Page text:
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Lech lecha

11/06/2019 01:10:53 PM

Nov6

Rabbi Brent Spodek

The patriarch Abraham is well into his 90s when the Holy One tells him that he will have a son in this weeks parsha, Lech Lecha. Not only that, this son will inherit his property and his descendants will be more numerous than the stars of the sky. 

Abe has his doubts – “shall a child be born to a man 100 years old?” he asks. Yet the Holy One insists that Abraham will have a child with his wife Sarah, and after that, the Torah reads וְהֶאֱמִן בַּיהוָה; וַיַּחְשְׁבֶהָ לּוֹ צְדָקָה. “Abraham had faith in the Holy One and righteousness was credited to him.” (15:6)

Rashi, the most important of the Jewish commentators, understands this to mean that Abraham was considered righteous because he trusted and did not ask the Holy One for a sign for reassurance.

Faith here is not what faith often seems to mean today – a blind obedience, a stifling of critical inquiry, a rejection of doubt. Abraham’s faith did not deny the doubts that emerged from the common-sense reasoning of his own mind – 90 year old people don’t usually have children!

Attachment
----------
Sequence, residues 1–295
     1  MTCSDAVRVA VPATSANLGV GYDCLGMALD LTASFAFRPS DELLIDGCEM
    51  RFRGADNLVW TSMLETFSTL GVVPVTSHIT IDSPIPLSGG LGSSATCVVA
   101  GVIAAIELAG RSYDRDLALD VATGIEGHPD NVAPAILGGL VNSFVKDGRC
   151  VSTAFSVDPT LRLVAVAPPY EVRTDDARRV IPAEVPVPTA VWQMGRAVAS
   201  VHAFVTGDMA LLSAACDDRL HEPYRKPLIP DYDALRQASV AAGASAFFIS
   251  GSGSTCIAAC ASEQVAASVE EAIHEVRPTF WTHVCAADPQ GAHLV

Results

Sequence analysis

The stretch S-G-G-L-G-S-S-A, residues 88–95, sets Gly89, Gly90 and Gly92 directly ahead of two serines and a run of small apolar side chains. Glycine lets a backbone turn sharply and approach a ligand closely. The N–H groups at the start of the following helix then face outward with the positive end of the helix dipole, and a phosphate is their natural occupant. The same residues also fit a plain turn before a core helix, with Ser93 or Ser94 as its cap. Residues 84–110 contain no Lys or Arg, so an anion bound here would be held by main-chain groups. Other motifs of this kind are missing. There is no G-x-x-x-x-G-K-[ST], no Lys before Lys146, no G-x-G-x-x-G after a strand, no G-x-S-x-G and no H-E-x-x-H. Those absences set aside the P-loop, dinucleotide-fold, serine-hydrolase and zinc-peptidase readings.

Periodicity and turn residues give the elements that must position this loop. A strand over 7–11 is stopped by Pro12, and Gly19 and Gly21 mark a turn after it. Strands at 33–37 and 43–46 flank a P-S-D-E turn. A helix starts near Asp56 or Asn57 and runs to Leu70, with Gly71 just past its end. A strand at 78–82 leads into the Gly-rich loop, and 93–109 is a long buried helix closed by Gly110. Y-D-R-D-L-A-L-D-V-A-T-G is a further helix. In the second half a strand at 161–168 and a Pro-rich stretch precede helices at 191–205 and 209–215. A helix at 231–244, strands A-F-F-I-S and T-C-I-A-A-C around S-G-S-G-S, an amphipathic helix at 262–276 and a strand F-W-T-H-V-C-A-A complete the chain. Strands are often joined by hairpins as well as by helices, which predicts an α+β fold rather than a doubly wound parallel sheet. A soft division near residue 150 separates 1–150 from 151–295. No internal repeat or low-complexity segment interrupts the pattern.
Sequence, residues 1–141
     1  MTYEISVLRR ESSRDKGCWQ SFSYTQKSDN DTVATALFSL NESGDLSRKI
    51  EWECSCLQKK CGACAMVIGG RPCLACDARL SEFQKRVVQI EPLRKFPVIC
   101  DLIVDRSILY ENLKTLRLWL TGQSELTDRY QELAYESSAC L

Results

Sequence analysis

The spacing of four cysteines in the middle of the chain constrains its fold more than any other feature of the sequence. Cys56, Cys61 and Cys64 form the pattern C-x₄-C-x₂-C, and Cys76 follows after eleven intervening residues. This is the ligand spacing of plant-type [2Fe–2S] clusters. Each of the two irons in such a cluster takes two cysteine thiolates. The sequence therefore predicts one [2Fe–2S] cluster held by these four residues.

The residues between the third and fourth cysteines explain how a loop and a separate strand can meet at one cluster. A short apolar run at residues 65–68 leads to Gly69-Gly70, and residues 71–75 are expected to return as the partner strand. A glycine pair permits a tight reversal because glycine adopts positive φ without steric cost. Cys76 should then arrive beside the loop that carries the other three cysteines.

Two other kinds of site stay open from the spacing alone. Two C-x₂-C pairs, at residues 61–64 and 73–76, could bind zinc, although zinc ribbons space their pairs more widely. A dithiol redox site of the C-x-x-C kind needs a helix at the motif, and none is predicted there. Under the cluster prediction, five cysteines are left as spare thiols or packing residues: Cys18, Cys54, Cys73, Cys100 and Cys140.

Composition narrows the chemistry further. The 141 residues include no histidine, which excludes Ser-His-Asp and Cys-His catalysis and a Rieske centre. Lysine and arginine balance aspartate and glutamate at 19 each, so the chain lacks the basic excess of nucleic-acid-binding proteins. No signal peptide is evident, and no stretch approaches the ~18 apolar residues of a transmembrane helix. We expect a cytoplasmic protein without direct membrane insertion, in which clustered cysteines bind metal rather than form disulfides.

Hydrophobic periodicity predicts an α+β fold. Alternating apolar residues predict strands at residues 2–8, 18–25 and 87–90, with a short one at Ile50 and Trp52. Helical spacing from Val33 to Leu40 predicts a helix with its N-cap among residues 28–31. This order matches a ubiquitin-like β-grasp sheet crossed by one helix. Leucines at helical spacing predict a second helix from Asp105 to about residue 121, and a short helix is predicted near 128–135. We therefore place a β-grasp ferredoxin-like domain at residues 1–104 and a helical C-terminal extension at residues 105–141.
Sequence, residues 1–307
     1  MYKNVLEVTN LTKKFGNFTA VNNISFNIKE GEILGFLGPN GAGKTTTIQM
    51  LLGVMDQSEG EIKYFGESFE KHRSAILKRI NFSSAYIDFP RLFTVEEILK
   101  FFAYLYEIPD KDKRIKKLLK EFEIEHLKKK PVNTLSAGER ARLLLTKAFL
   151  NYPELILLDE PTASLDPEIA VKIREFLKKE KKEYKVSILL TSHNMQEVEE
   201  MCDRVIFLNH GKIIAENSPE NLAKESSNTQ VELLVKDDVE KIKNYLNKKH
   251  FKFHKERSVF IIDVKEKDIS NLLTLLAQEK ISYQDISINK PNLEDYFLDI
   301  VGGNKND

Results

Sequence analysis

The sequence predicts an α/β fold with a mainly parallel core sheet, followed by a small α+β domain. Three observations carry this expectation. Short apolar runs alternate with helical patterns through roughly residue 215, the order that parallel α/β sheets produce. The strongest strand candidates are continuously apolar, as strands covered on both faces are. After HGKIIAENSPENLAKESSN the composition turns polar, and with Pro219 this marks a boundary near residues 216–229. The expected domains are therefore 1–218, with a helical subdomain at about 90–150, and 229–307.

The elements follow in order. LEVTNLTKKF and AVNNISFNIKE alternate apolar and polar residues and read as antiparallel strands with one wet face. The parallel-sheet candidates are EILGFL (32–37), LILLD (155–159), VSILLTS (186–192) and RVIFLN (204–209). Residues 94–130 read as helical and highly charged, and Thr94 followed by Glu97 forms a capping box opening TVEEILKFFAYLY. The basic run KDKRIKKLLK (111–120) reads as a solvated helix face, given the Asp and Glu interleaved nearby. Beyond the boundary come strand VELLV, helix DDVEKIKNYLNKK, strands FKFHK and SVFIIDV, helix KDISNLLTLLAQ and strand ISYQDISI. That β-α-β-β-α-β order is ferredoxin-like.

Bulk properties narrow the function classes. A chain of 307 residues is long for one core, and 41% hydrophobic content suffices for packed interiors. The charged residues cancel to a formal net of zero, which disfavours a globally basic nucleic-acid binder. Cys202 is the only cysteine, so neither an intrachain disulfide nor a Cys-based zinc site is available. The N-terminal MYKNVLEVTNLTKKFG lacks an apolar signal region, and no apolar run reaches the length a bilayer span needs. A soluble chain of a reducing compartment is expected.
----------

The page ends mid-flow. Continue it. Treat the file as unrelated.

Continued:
Abraham had his doubts and made them clear to the Holy One. But even – perhaps particularly -- from a place of doubt, he trusted. 

Faith is a willingness to trust, despite one’s doubts and through one’s tensions. Faith is hope.

This is not the faith of children, who lovingly, alarmingly believe that their parents have the magical power to simply make everything better. Abraham’s faith is an adult faith, a faith that knows that pain is real and suffering is possible and with that knowledge, trusts that it is possible to draw close to the creator of the world. 

Adult religion does not demand that we give up our ability to think critically about the world but rather to trust that from that place of uncertainty and fear, connection and even holiness is possible. 

We are descendants of Abraham, who brought his critical thinking to his trust in his relationship with the creator of the universe. May we, too, be blessed to hold hope and doubt together. May we be blessed with Faith. 

Tue, December 10 2019 12 Kislev 5780